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    This is quite disappointing, his solution for each point is basically “just get it right!”

    Here are some actual solutions for the problems he brings up:

    Not freeing memory after allocation:

    Try to avoid the “free everything individually” pattern where possible because it’s the easiest to get wrong. Use RAII if you like. Try to centralise your resource management higher up the call stack so leaf code does not call malloc/free, people coming from other languages tend to do that because it’s fine if you have a GC, but you can make big messes for yourself in C. Use easier allocation strategies like “free everything allocated after this point when this statement falls out of scope”, which works very well for temp scratch space allocations.

    All of your allocations should go through memory managers that check for leaks. The least intrusive way to do it is by keeping a hashtable that maps from the pointer to some info struct, which at least contains file and line of the allocation.

    Freeing already freed memory (double-freeing):

    Largely mitigated by what I said before. I have no specific suggestions for this because in practice I never have problems with it.

    Invalid memory access, either reading or writing:

    I don’t have any recommendations for NULL pointers, but stuffing asserts/NULL checks all over the place is a signal you have no idea what your code is doing. TBH it’s not really been a problem for me.

    For uninitialised data, making all your allocators call memset( 0 ) is a good start (try to make your classes have some valid default state when they’re all 0), beyond that it’s not really a problem because it’s pretty easy to catch. Use RAII if you like.

    Also lobby the C++ committee for something like #pragma primitive_types_initialise_to_zero_unless_you_tell_them_not_to.

    Buffer-overflow, either reading or writing:

    Implement sane primitives, such as:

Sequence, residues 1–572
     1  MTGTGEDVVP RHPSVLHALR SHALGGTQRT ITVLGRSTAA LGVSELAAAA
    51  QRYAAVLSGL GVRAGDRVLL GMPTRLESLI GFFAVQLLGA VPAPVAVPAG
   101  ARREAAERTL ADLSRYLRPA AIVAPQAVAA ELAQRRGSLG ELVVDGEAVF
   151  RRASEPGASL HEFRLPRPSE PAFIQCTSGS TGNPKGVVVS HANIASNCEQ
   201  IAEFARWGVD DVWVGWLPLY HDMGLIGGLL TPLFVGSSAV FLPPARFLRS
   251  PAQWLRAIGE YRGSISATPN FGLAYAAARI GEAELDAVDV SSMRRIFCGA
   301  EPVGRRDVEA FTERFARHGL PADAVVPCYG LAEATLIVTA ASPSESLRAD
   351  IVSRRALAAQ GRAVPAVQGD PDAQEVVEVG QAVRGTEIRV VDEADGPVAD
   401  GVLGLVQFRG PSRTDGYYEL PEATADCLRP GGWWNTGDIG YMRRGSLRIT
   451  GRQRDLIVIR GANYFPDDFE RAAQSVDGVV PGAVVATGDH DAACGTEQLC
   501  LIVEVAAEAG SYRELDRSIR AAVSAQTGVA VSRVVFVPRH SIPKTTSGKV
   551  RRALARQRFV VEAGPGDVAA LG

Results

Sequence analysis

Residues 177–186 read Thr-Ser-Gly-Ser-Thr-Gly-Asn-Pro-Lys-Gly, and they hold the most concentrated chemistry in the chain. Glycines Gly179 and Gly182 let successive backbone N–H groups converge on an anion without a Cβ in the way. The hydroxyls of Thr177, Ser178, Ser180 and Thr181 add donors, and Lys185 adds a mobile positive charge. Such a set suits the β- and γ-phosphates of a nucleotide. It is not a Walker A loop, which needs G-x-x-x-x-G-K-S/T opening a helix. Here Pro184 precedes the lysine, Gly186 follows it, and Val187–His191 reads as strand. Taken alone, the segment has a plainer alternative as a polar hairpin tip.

template< typename T >
    struct array {
        T * elems;
        size_t n;
        T & operator[]( size_t i ) { ASSERT( i < n ); return elems[ i ]; }
    };
    

    Replace any usage of pointer + size with that class. You will probably want StaticArray< size_t, T >, DynamicArray, array2d, etc too.

    You’ll also want a sane string class, a sane string parsing library (Lua’s patterns library is very very good), and a sane stream writer/parser class. Use these classes instead of C strings/pointers + sizes.

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      As for your first solution, I would first check to see if the runtime can do the checks for you. I know that the GNU C library can do more checks if you set certain environment variables, and using valgrind is wonderful if you have access to it. Check first before writing your own memory wrapper (that is what lead to Heartbleed, by the way).

      Second, pick a better value to initialize memory with than just 0. If you really want to help with debugging on the x86 platform, I suggest using the value 0xCC. As a signed quantity, it’s a large negative value that is easy to spot. As an unsigned quantity, it’s a huge number. As a character, it’s invalid ASCII (but it is a valid UTF-8 initial byte character, but two 0xCC’s in a row is invalid UTF-8). As a pointer, it’s probably an invalid pointer (so you’ll get a SIGSEGV most likely) and if it’s accidentally executed, it’s the INT3 debugging instruction.

      I don’t really have any good solutions to string handling in C other than “don’t do that!” Which is why I use Lua if possible.